Duskwhales - Geeze, these four guys seem young and the four x's on hands confirm that observation. They have keyboards, bass, guitar, and drums with everyone singing and shifting with a two guitar sound for several songs as well. The most formal talent here seems to be in the keyboards as his piano flourishes were high level. The rest of these sounds were all competent, although I am not sure it ever really fit together at times. The vocal work was garage pop and I marveled at how four voices would join in and yet there was no real harmony with just one part coming through. This was all quite insane and fiendishly clever in a similar vein of Daniel Johnston or the Modern Lovers. Although these guys had a tentative side to them, they were audacious enough to ask the 11 people in the room (half of them parents) to clap along to one song. I love it. After a big outdoor festival and a trip to the Big Apple, it is refreshing to head back to the garage or basement and indulge in youthful rock spirit. This is what it is all about.
Teen Girl Scientist Monthly - The headliner takes the stage next and delivers 41 minutes of fun pop rock that feels like the grown up version of the opening act. It has a B-52s feeling with the energized pop, two female singers (one on keys) and male guitarist/vocalist, along with rhythm section and Gary Wright style keyboard (as guitar). The sound is less B-52s and far closer to that of the Rezillos, although not as punk. The interesting feature that really brings it together is the driving rhythm section. The drums are great and the bass player locks in with quick and fluid, nearly jamming lines. This allows the keys, guitar, and singers to indulge in putting forth their personality and keep things frothy and energized. The lead vocals have a sultry lounge quality, although they never lose perspective of fun pop music--quite tricky, actually. I would only advise them to tighten up endings as crafty songs like this deserve a tighter finish. Still, they were highly effective at pulling in the now larger crowd by keeping their enthusiasm high and their charming, yet rocking pop music moving at just the right pace.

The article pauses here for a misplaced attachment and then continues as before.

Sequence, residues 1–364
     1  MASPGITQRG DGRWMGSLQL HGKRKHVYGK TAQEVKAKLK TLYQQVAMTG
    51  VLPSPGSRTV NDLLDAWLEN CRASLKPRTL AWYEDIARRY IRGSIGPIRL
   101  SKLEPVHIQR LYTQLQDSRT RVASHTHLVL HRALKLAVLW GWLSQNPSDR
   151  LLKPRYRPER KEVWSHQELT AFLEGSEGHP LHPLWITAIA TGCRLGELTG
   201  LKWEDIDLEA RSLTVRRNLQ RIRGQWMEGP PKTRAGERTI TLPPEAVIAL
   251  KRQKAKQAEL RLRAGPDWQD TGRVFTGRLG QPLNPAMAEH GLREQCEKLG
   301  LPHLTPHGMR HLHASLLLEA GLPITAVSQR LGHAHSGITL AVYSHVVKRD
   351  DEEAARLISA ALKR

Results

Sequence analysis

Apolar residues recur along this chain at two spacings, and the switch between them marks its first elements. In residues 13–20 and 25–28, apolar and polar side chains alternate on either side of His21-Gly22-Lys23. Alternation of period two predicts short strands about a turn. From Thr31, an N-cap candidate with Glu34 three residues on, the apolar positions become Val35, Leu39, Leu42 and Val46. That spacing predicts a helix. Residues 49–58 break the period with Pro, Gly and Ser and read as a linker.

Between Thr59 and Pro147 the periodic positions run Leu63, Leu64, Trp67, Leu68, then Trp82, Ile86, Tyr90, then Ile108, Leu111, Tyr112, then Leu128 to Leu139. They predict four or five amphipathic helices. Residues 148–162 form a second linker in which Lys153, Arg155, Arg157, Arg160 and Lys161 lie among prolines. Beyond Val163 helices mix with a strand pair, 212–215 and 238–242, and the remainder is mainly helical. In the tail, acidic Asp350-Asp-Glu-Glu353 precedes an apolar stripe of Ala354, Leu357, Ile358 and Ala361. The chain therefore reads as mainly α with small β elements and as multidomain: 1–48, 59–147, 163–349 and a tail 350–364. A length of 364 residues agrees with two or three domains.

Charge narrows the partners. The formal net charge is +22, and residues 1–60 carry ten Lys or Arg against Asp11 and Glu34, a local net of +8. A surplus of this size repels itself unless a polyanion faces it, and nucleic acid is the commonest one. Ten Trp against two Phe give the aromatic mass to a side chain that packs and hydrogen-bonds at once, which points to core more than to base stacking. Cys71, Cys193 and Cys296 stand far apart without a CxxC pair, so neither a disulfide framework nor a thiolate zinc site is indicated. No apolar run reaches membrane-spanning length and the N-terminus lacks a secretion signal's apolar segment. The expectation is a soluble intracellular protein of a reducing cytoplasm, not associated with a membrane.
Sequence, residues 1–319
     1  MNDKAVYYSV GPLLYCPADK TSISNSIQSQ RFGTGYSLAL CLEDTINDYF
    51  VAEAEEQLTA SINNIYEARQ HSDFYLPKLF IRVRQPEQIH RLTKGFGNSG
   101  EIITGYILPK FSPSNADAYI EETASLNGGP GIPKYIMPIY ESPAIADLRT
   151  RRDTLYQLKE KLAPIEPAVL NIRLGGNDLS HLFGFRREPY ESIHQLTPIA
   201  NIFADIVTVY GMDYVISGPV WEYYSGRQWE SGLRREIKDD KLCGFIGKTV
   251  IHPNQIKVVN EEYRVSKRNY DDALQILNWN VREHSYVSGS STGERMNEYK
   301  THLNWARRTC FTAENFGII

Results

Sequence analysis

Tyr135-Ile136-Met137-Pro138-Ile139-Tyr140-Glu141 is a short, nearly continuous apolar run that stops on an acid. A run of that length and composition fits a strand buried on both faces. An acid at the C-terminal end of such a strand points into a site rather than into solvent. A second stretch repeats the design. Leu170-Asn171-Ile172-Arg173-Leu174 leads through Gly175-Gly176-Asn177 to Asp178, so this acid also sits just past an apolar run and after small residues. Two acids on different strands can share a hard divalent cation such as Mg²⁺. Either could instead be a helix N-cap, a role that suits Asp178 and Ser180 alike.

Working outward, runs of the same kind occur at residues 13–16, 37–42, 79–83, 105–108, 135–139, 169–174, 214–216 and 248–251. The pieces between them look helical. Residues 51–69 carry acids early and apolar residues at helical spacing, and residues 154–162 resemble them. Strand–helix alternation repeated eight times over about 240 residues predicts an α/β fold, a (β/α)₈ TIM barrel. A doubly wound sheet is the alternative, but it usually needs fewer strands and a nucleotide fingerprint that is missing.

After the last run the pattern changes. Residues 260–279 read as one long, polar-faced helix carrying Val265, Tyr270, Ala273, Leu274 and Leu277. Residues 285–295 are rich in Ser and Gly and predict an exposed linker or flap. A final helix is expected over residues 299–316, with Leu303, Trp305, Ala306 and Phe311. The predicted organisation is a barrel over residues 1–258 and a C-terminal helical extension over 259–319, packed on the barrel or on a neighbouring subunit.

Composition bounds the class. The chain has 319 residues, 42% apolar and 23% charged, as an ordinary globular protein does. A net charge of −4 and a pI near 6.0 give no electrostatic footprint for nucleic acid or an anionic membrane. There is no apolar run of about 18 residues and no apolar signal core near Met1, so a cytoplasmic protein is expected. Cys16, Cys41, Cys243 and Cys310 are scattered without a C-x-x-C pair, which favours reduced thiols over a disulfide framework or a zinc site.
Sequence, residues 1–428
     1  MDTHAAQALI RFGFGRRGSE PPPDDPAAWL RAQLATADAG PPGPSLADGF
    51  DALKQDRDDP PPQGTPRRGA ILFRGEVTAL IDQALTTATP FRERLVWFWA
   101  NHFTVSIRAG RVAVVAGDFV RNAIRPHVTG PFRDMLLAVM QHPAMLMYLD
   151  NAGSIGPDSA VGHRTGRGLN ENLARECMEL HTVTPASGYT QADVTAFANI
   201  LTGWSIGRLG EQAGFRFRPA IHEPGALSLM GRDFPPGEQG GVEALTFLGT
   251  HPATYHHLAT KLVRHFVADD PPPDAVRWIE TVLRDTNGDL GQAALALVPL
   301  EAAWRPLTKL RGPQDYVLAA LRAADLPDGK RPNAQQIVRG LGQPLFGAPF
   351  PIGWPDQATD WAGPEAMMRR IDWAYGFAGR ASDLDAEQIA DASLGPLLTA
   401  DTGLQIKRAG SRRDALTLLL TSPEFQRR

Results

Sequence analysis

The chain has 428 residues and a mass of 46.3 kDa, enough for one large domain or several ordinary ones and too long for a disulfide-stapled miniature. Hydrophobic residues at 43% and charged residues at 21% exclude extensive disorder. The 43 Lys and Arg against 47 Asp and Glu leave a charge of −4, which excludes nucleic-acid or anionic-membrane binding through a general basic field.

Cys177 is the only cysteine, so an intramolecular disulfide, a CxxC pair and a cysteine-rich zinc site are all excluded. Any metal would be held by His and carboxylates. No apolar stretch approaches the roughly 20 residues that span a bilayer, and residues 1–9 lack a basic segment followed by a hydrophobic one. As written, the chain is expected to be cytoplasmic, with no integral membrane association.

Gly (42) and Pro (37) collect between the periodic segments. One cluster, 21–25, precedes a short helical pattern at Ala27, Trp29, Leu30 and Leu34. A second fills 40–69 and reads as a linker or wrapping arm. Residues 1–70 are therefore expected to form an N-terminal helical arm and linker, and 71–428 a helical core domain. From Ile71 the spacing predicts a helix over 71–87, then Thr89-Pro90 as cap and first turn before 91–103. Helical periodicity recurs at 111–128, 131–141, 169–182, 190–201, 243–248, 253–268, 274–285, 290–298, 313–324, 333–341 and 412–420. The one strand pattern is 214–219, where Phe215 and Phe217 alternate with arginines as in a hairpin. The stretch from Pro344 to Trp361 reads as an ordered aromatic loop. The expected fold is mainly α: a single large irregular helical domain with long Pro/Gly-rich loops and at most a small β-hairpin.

Grand Revival - These four youngsters (all x'ed again) are a lot tighter than the openers as they take their twin guitar attack backward into the days of hard rock with enough modern metal touches in their as well. The rhythm section does have a little swing to it in the basslines, but the lead guitar work and overall heaviness is the star. Hard charging bluesy rock, with a bit of slide, a double lead or two and powerhouse drumbeats. I get a feeling of Richie Blackmore on one guitar solo, although most of the others are in the bluesier strain. All in all, this flat out rocks and although they are presently in a good place, once they get their full direction worked out--something about new members, missing singers, or what not--things could take really take off. And oh yeah, they are young, so they can work on their banter. But for now, I will leave them with a suitable blurb... Better than Foghat!
Quote of the Night: Although the first band was far more musically skilled than 1/2 Japanese, the spirit was similar, so I am reminded of this classic quote from Jad Fair... "The only chord I know is the one that connects the guitar to the amp."